Coaches should be banned from having sex with 16 and 17 year olds

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NSPCC Scotland calls for Sexual Offences Act which bars teachers having sex with 16 and 17 year-old pupils to be extended to sports coaches and youth workers

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30th January 2017 by Paul Cardwell 0 Comments

Sports coaches should be banned from having sex with 16 and 17 year-old team members according to a national charity.

NSPCC Scotland says its not right that coaches and youth workers aren't classed the same as professionals such as teachers and social workers are under the Sexual Offences Act 2009 in Scotland.

The charity made the call following a number of historic allegations of abuse in football and thousands of people phoned its UK wide dedicated football hotline for victims of abuse.

The act makes it an offence for someone over 18 in a defined position, or in certain settings such as hospitals or children’s homes, to engage in sexual activity with 16 and 17 year olds in their care.

Therefore sexual activity between an adult coach and a 16 or 17 year old child is not currently illegal in most contexts, because the role of sports coach falls outside the legal definition.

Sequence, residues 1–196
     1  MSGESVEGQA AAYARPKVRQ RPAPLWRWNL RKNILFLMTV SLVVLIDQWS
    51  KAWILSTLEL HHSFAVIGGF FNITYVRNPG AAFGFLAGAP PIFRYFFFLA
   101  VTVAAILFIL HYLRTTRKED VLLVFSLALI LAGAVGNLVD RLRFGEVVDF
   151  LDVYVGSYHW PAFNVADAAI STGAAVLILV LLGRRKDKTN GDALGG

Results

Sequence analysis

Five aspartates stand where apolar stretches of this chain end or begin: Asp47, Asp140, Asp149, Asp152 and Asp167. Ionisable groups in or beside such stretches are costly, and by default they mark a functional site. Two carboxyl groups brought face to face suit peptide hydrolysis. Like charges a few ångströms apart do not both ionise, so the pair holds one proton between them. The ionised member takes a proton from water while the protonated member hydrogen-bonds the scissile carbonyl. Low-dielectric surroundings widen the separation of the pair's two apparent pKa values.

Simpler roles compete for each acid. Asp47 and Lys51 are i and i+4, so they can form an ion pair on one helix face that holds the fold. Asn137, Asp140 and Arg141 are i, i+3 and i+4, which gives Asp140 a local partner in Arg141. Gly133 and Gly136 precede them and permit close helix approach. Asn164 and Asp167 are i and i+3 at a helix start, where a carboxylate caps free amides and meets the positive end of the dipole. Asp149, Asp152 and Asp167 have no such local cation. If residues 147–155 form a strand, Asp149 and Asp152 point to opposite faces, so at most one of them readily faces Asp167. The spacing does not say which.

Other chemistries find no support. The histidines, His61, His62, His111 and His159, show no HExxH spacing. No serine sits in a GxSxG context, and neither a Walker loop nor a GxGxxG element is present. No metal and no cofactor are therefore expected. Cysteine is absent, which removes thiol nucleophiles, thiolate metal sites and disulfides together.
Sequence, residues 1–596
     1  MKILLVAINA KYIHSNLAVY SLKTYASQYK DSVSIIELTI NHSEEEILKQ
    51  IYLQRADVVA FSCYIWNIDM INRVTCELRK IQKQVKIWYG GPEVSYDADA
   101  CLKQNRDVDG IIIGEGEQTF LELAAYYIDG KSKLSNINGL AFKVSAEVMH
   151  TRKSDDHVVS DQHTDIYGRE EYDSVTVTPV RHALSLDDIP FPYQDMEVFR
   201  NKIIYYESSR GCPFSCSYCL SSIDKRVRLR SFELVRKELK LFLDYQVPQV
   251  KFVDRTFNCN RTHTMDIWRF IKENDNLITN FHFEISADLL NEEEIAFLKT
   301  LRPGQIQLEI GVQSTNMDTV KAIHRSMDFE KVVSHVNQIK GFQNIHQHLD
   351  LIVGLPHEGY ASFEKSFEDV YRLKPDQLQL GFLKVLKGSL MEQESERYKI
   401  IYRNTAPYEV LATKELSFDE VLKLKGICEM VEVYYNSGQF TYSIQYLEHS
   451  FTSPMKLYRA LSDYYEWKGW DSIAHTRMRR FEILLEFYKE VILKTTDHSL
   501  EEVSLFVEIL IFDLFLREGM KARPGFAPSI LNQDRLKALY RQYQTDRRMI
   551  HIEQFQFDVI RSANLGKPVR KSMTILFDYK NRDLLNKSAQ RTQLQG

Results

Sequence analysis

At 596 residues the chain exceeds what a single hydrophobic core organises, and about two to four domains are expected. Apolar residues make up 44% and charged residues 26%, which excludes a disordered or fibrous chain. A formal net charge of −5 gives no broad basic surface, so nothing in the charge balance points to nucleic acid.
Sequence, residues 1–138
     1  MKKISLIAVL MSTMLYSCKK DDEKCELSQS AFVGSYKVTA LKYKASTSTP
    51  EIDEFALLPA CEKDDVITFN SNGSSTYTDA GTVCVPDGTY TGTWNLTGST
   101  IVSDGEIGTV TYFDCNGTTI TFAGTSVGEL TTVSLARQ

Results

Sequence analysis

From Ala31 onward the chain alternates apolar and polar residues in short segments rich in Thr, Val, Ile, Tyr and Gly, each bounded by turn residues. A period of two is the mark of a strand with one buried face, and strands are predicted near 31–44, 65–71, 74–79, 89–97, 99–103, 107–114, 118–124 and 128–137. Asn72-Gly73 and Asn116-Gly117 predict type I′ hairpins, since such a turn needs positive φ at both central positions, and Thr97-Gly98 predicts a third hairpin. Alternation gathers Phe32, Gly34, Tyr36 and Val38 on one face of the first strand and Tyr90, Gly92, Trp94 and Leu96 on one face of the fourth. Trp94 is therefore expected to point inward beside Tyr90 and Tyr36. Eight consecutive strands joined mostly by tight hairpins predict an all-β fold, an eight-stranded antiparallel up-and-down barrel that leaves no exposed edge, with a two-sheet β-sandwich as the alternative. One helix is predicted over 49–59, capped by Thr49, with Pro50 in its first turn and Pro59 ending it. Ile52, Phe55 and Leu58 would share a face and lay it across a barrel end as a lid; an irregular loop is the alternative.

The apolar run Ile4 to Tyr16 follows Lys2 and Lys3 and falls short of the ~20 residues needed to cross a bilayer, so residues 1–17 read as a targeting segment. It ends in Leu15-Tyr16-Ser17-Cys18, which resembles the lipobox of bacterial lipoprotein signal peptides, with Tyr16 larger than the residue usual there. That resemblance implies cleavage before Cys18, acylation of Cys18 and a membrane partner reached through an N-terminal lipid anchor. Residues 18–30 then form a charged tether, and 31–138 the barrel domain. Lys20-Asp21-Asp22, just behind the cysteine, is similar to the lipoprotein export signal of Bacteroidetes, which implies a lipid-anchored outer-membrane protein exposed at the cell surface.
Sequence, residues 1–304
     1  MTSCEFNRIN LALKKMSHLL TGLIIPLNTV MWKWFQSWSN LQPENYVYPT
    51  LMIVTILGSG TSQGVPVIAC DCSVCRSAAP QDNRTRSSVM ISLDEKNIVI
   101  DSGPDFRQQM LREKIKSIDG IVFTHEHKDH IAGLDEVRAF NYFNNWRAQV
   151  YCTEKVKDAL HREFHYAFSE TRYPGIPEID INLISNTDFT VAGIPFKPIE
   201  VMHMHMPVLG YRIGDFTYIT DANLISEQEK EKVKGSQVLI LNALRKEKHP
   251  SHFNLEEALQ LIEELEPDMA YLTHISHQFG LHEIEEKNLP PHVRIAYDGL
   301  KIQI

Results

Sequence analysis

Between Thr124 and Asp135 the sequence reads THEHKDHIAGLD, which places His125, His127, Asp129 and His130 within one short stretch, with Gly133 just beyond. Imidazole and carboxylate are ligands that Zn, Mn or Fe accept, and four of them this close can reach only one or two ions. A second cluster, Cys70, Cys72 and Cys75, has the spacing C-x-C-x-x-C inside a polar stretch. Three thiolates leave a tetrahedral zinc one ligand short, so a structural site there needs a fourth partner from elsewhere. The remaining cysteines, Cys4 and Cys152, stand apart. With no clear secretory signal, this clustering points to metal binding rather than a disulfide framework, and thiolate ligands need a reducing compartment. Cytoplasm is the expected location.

Matt Forde, national head of service for NSPCC Scotland, said coaches and youth workers must be put on equal footing as teachers and social workers so that adults who have considerable authority and influence over young people are not able to prey on them once they turn 16.

He added: “It is remarkable that the roles like sports coaches are not considered to be a position of trust by law, given the significant amount of responsibility, influence and authority that an individual in this role can hold in a young person’s life.

“Sadly, we know that this trust can be abused and it is therefore vital that this legal definition is widened to include sports coaches and other youth workers, bolstering protection for teenagers at risk of grooming once they pass the age of consent. 

“This is not about demonising certain jobs, but about protecting young people from a small minority of adults only too happy to take advantage of their standing in society to groom and abuse vulnerable children.”

As well as changes to the law, the charity is also calling for an urgent review of the protection of vulnerable groups (PVG) scheme as it has found evidence of organisations not seeking PVG checks where individuals will be supervised in their contact with children, despite it saying this is not how the system was intended to operate.

NSPCC Scotland is also calling on the Scottish Government to introduce Local Authority Designated Officers (LADOs). Elsewhere in the UK, LADOs are responsible for overseeing allegations of abuse concerning adults who work with children.

They also give advice and support to small organisations where allegations have been made. Scotland currently does not have an equivalent.

Police Scotland recently confirmed it has made two arrests and is investigating 130 reports of sexual abuse in football.

NSPCC counsellors who took calls on its dedicated hotline heard from callers that adults working with children had abused their trusting relationship to groom and abuse young players.

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